Until May 27, things had been relatively quiet around Cassel. The troops even had enjoyed some rest. In the early morning of May 27, their relative quiet was disturbed by a heavy mortar and aerial barrage. German troops from the south and east attacked in force. C and D Company of the Glosters and 4th Oxf and Bux got the full brunt. Despite heavy losses, the British managed to repulse attack after attack. Near Bavinchove, a company of Oxf and Bux was overrun though. This caused Brigadier Sommerset to pull A company back to Zuytpene. This order would never reach its commander, Major Percy Hardman though. Toward 18:00 only C Company HQ was still fit for defense. The handful of men, although completely surrounded, still managed to withstand a German attack. When the attackers were almost at the doorstep, Hardman decided any further resistance was useless.
North of Cassel, men in a bunker managed to repulse one attack after the other. Commanded by Lieutenant Cresswell, they had managed to withstand the German attacks for days from this bunker on the D916 across from the junction near Peckel. When on May 30, heavier weapons were brought up by the German attackers and German infantry attempted to smoke out the defenders via the roof, only then did Cresswell decide to surrender. Four days on end they had managed to stop the enemy but in the end, the supremacy was too great.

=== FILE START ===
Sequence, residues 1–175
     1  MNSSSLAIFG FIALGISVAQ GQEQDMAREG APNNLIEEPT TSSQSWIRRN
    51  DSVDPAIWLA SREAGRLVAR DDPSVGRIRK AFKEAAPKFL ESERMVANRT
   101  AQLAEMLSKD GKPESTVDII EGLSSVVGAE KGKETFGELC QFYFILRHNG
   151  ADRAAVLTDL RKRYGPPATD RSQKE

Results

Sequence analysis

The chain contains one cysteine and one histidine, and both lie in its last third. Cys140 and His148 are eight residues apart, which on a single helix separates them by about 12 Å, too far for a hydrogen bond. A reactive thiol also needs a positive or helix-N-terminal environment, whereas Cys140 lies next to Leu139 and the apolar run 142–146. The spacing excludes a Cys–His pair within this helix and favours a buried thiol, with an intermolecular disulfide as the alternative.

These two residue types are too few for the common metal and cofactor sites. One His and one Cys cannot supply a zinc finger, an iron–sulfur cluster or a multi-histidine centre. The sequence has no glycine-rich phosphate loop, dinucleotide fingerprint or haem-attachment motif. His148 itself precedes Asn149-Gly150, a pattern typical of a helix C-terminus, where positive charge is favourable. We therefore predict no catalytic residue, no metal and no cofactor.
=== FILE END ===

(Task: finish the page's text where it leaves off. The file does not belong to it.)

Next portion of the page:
Both Hardman and Cresswell were to be awarded the Military Cross for their actions.
In Cassel, the defense continued with as much fanatism as in the area surrounding the town. The units were merged under the name Somerforce. Following the heavy attacks on May 27, it had become relatively quiet. The only German activity were the artillery barrages. The period of rest was fully exploited by the defenders to strengthen their defense. On May 29, the day was ushered in by a heavy artillery barrage, followed by attacks from three directions. Nonetheless, the British managed to repulse the German attacks time and again. To their great surprise, a courier had penetrated the encirclement unexpectedly with the message that Somerforce was to pull back to Dunkirk. The reason was that German troops had passed Cassel and threatened the town with complete isolation.